FILE - Associate Justice Neil Gorsuch joins other justices of the U.S. Supreme Court for an official group portrait at the Supreme Court Building in Washington, June 1, 2017.
Associate Justice Neil Gorsuch joins other justices of the U.S. Supreme Court for an official group portrait at the Supreme Court Building in Washington, June 1, 2017.. VOA

“Justice Kavanaugh, so far has been cautious in the sense that he usually almost always joins the majority,” said Curt Levey, president of the conservative Committee for Justice.

“He’s voted the same as Roberts in the vast majority of cases,” Levey said, “and Roberts has slowly been drifting towards the center.”

Last summer, Kennnedy, a Republican appointee who had cast the decisive vote in a number of consequential cases in recent years, announced his retirement. Trump named Kavanaugh, who like Gorsuch had once been a law clerk for Kennedy, as his replacement.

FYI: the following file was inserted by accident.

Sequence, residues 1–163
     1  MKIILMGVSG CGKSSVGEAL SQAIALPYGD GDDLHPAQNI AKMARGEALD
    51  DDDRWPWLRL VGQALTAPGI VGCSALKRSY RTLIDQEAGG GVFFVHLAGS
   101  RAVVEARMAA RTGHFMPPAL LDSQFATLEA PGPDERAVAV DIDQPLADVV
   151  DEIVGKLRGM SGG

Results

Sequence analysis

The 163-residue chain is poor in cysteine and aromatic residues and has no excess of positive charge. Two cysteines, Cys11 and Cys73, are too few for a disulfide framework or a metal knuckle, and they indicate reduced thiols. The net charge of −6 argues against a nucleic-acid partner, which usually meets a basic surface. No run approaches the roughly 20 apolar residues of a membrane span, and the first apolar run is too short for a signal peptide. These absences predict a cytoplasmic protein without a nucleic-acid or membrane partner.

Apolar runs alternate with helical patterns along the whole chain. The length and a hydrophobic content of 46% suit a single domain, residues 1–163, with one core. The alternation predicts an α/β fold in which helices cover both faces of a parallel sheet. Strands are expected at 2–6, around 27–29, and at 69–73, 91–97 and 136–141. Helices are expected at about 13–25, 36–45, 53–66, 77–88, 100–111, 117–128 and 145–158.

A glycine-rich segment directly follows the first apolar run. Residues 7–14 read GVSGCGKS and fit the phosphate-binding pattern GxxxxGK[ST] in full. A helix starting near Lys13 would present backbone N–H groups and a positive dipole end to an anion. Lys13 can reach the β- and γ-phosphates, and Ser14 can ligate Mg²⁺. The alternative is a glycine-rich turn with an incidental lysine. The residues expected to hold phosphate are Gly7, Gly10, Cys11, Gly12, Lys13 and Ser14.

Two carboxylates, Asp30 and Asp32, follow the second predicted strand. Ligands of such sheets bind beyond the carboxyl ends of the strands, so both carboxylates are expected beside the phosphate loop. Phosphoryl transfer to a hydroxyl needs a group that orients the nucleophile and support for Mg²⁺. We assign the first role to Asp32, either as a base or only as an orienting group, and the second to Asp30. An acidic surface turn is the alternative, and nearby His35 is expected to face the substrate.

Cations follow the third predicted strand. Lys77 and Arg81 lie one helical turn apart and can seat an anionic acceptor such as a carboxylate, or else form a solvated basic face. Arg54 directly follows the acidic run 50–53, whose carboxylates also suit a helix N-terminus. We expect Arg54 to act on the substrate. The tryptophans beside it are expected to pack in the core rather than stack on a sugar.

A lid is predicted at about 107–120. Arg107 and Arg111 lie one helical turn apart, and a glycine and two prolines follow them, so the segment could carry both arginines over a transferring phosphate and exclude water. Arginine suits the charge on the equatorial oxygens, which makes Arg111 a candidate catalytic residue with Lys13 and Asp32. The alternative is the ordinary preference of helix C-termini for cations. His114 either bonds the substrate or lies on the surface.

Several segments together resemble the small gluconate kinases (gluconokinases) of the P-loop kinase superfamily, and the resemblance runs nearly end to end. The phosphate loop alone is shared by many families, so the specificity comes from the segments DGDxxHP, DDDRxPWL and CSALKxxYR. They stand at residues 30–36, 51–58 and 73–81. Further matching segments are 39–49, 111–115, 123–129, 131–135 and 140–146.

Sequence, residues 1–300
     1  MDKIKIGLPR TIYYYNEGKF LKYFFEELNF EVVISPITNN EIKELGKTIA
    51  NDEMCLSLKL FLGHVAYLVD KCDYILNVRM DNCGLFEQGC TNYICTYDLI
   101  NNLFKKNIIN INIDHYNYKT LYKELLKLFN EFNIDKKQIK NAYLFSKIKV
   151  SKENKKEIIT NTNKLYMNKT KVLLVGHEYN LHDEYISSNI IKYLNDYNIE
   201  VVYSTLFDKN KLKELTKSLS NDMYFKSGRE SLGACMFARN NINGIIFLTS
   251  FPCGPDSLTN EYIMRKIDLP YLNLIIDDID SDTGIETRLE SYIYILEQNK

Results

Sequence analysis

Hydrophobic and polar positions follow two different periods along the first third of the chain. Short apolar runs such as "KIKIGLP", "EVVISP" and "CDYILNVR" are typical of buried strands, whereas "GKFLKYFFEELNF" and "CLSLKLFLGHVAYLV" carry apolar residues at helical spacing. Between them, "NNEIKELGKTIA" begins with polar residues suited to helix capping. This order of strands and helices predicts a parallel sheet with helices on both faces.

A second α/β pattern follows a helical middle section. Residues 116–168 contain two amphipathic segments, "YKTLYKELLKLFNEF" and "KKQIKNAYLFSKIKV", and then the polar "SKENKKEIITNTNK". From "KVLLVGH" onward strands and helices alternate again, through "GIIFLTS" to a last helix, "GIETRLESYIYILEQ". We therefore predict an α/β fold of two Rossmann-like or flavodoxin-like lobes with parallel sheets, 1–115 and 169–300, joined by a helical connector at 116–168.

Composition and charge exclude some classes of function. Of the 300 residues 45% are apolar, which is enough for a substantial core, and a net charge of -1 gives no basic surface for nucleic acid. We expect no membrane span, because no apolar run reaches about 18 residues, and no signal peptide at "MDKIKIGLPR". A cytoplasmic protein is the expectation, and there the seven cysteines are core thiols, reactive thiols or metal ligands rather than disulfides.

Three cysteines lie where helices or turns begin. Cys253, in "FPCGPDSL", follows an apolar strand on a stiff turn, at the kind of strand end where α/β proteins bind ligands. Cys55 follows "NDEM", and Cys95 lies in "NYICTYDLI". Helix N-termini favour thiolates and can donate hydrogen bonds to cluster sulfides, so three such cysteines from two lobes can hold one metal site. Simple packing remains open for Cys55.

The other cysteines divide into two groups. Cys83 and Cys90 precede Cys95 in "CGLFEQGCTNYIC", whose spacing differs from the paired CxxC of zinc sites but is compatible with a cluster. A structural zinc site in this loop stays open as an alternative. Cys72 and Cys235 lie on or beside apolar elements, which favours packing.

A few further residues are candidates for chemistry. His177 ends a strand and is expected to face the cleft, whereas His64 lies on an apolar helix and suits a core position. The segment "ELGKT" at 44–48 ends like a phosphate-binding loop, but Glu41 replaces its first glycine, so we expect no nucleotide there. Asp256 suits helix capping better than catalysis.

Democrats worried Kavanaugh’s solidly conservative record as an appeals court judge in the Washington, D.C., circuit would threaten landmark rulings on abortion, gay marriage and other progressive causes.

The court has yet to decide more than half of the cases it has heard this term, which ends in June. Pending matters include such controversial issues as partisan gerrymandering of congressional district boundaries and whether to include a citizenship question in the 2020 census.

‘Comfort’ on the bench

Kavanaugh entered the court amid heated allegations that he had sexually assaulted a woman while in high school. He strenuously denied the accusations, and a divided Senate eventually confirmed him by one of the narrowest margins for a Supreme Court justice in history.

But if Kavanaugh was rattled by the experience, he didn’t show it on the day he joined the court last October. The justices heard arguments in two cases about a little-known law that stipulates steep sentencing to people who have committed certain offenses in the past.